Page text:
Have students work in small groups. Each group receives a copy of the Survey worksheet. The group should fill in the question, the options and the prediction sections.
To start, have the students put their reply scale on the board. For example:
New York City
After their introduction to the survey question, they pose the question:
Where would you rather live?
The class replies all at once, using their Captur paddles to give their answers. The students should count how many of the class responded with each option.
After all of the votes have been counted, the students can write those tallies on the board, next to the options.
At this time, the teacher should tell the class to get into small groups to discuss their reaction to the vote tally, and to explain their reasons for their own vote. Even reluctant students seem to be more willing to become engaged in discussions after they have committed to an answer.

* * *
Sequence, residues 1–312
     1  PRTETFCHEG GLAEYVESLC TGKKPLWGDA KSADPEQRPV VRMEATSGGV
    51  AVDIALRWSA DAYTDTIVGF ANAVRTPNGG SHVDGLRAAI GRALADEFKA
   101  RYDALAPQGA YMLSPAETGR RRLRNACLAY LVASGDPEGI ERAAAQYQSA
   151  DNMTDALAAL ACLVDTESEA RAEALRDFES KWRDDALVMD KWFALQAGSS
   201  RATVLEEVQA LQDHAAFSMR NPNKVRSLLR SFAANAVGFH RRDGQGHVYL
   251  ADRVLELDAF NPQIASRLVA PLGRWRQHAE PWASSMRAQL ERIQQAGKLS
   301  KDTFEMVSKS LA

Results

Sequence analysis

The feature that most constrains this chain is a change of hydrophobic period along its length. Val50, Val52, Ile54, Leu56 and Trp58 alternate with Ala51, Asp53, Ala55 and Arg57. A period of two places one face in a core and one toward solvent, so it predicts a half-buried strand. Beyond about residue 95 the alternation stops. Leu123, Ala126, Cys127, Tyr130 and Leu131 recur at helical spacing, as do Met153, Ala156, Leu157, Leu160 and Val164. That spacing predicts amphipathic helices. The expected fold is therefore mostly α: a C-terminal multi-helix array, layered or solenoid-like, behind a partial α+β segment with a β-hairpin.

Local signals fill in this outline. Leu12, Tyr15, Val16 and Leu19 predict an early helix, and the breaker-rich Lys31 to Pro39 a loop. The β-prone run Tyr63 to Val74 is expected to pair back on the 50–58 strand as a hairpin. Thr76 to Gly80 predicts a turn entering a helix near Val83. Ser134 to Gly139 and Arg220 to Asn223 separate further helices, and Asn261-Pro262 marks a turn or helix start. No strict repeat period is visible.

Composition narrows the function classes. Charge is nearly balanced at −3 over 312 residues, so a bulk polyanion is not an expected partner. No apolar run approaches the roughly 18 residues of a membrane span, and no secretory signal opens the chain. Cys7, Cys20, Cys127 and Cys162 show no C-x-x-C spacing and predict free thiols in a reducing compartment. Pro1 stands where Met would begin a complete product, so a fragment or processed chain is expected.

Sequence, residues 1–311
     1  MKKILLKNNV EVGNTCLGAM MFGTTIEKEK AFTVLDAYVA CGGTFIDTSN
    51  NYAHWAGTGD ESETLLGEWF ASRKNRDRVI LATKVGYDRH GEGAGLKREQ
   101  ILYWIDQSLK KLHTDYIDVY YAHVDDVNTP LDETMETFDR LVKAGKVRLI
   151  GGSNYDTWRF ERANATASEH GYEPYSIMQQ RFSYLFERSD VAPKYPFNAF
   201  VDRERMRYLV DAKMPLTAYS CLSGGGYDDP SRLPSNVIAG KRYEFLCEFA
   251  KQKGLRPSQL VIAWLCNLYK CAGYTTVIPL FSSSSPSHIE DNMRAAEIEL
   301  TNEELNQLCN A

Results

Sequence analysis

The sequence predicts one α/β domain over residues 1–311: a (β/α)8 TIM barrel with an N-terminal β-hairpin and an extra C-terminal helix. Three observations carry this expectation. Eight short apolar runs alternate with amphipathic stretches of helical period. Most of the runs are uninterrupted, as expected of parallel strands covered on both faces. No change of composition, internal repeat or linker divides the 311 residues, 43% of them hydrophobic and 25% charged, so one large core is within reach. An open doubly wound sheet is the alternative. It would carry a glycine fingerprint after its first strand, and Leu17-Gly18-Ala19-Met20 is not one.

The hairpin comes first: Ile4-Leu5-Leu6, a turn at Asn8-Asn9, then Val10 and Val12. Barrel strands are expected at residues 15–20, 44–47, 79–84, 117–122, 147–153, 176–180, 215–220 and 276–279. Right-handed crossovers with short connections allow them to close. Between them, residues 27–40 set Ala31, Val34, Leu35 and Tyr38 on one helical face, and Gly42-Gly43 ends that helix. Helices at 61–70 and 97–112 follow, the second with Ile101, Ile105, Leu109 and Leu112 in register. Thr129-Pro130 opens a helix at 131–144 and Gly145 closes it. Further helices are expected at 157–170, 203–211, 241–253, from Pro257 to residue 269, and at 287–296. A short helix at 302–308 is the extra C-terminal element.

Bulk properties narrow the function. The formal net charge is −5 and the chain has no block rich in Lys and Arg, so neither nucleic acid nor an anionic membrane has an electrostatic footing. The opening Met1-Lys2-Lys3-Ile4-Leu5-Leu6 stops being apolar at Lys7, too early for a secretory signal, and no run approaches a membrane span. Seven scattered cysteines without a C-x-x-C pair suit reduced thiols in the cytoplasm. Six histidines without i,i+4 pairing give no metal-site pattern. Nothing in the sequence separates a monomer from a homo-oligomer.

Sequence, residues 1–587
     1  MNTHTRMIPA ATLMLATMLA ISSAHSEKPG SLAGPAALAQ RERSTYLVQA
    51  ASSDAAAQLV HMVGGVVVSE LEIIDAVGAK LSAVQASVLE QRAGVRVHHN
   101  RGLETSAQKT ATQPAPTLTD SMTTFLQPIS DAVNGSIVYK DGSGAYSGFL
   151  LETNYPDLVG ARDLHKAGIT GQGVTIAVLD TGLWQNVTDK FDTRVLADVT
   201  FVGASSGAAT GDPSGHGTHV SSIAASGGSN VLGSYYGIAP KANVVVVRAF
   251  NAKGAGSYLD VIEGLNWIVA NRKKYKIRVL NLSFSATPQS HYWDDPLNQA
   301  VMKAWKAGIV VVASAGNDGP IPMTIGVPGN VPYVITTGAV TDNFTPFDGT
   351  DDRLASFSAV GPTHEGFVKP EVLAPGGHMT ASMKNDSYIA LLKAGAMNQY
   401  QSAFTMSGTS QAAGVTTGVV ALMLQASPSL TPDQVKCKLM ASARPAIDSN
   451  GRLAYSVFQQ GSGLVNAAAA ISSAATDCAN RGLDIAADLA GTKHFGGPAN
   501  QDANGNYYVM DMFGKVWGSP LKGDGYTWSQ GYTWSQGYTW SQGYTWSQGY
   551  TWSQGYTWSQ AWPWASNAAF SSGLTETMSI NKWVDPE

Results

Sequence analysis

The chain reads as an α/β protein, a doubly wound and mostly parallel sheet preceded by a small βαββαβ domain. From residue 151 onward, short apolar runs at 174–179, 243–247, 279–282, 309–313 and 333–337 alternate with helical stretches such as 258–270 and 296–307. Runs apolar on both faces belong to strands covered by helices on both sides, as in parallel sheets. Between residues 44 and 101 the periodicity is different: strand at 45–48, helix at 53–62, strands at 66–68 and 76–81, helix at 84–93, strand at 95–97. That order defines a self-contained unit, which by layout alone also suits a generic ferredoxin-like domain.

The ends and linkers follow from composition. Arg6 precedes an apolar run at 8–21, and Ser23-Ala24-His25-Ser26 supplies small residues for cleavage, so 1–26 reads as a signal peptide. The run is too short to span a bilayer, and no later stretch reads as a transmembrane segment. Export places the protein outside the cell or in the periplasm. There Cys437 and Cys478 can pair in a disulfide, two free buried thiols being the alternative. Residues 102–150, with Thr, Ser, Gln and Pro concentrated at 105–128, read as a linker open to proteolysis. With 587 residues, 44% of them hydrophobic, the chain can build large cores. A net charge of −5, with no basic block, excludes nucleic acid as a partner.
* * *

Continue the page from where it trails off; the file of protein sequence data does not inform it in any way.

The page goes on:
A follow-up vote could be taken later, to see if anyone has changed their minds.
Have students write their own comments on the survey. Did the results align with their predictions? Why (or why not)? Any surprises?
We thought that many students would choose New York City, because it's exciting. But most students said "Tokyo." Maybe they want to speak Japanese and eat Japanese food every day.
We believe that the prediction and the analysis stages help students think more deeply about the activity. These stages also provide good opportunities for expressing themselves in English.